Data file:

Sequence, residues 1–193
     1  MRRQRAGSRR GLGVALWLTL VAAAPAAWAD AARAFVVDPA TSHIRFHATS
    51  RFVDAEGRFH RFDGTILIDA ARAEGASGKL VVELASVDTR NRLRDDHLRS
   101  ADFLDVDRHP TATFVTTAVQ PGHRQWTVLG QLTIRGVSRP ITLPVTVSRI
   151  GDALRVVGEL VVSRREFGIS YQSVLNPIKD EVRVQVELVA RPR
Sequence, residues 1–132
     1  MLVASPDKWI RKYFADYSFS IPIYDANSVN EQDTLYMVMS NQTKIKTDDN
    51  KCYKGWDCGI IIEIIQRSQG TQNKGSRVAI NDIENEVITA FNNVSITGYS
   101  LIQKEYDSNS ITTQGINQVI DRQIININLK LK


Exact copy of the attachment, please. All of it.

Sequence, residues 1–193
     1  MRRQRAGSRR GLGVALWLTL VAAAPAAWAD AARAFVVDPA TSHIRFHATS
    51  RFVDAEGRFH RFDGTILIDA ARAEGASGKL VVELASVDTR NRLRDDHLRS
   101  ADFLDVDRHP TATFVTTAVQ PGHRQWTVLG QLTIRGVSRP ITLPVTVSRI
   151  GDALRVVGEL VVSRREFGIS YQSVLNPIKD EVRVQVELVA RPR
Sequence, residues 1–132
     1  MLVASPDKWI RKYFADYSFS IPIYDANSVN EQDTLYMVMS NQTKIKTDDN
    51  KCYKGWDCGI IIEIIQRSQG TQNKGSRVAI NDIENEVITA FNNVSITGYS
   101  LIQKEYDSNS ITTQGINQVI DRQIININLK LK